Dial-a-Door Remembered
Ward Cunningham
October 2008

It must have been 1968 or so. Roommate Rick Wartzok and I had better than average audio/visual and beverage capability in our Owen Hall dorm room. We shared happily with fellow residents who sometimes came and went without us. But what about keys? We wanted some kind of combination lock that had a shared code that could be selectively enabled, and a longer, master code for our private use. Our solution was Dial-a-Door.

Now its 2008, forty years later, when our old dorm room neighbor Chuck Stewart comes across these slides and is kind enough to scan them for us. My contemporaries are most impressed with the glasses we wore back then. But I'm thinking about the door, the lock, and the decoding mechanism.

This device, called a SECODER, mechanically decodes the pulse stream from the conventional telephone dial. This unit was originally used for selective calling in mobile radio applications for the railroad. I can't remember how it was that Rick happened to have one.

The device is particularly interesting in that it used a single-coil electro-magnet to activate two different ratchets. Differences in the flux path made for different relaxation time constants as required to count pulses (fast) and then check the resulting digit (slower).

The SECODER's nameplate cites three patents, all of which are available online.

Patents issued October 3, 1944 and November 13, 1951 are for inventions by Harold A. Stickel of San Francisco. His 1951 drawings resemble our device the most.

The third patent, issued January 15, 1963 to inventor Herbert M. Penningroth of Hales Corners, Wisconsin, seems to date the manufacture of our device to 1963 or later. That would make it six years old or less when we put it into service. Hardly old junk then.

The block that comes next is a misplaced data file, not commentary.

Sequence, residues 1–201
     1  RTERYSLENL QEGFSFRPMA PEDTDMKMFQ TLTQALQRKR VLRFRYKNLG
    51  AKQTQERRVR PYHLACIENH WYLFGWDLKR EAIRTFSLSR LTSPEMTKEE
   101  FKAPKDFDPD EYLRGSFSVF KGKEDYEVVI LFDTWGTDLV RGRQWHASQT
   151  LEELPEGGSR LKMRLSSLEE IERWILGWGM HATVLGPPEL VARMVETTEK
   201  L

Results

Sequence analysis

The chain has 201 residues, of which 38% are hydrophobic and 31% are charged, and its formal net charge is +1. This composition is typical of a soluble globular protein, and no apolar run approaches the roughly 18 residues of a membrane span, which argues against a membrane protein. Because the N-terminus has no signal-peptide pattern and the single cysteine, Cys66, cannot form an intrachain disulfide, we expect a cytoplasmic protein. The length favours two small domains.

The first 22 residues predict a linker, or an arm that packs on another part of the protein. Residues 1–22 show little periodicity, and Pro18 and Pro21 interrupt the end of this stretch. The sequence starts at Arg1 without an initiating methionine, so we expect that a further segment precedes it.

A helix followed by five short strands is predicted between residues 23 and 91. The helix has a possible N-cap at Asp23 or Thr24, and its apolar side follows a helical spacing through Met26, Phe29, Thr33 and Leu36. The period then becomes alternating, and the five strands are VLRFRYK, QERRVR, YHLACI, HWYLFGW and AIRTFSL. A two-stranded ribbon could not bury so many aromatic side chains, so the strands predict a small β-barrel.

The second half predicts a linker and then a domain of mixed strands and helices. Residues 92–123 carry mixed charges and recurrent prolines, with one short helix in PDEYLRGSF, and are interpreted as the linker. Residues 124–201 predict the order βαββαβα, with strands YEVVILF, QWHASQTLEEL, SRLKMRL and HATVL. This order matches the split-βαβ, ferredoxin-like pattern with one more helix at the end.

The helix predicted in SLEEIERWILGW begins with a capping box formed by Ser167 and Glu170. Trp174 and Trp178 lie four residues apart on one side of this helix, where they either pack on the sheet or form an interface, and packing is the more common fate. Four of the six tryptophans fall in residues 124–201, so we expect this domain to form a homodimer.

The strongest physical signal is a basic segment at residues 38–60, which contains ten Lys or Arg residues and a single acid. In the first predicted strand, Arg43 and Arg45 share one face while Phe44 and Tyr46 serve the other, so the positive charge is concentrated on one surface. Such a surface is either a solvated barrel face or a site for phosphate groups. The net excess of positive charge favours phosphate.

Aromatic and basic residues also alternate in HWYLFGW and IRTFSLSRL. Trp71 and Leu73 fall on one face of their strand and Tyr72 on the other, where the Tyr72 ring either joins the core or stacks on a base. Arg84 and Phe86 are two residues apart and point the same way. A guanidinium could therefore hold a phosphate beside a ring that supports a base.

The SECODER's mechanical behavior delights. I built this model of the device from memory before I located the real thing. The model is animated with Quartz Composer which can be viewed with Apple's Safari browser. The closeup photo is animated with javaScript which should be compatible with any modern browser.

My mechanically and electrically inclined friends have pitched in to help me get the SECODER ready for display.

Wayne Downer tweeked the mechanical components that had been bent or otherwise abused over the years in the bottom of the junk box. We hooked it up with the original dial and fed it serious power from a deep cycle battery. It worked, sorta. Another hour or two of fiddling got it working 90% of the time.

I built a stand for the assembly out of foam-core board and included a Radio Shack 12-volt indicator lamp to be lit when a number decodes successfully.

John Providenza helped me diagnose the lamp switching. Surface corrosion was introducing megaohms of resistance in the ground circuit. More fiddling got this down to below a 100 ohms. Let there be light.

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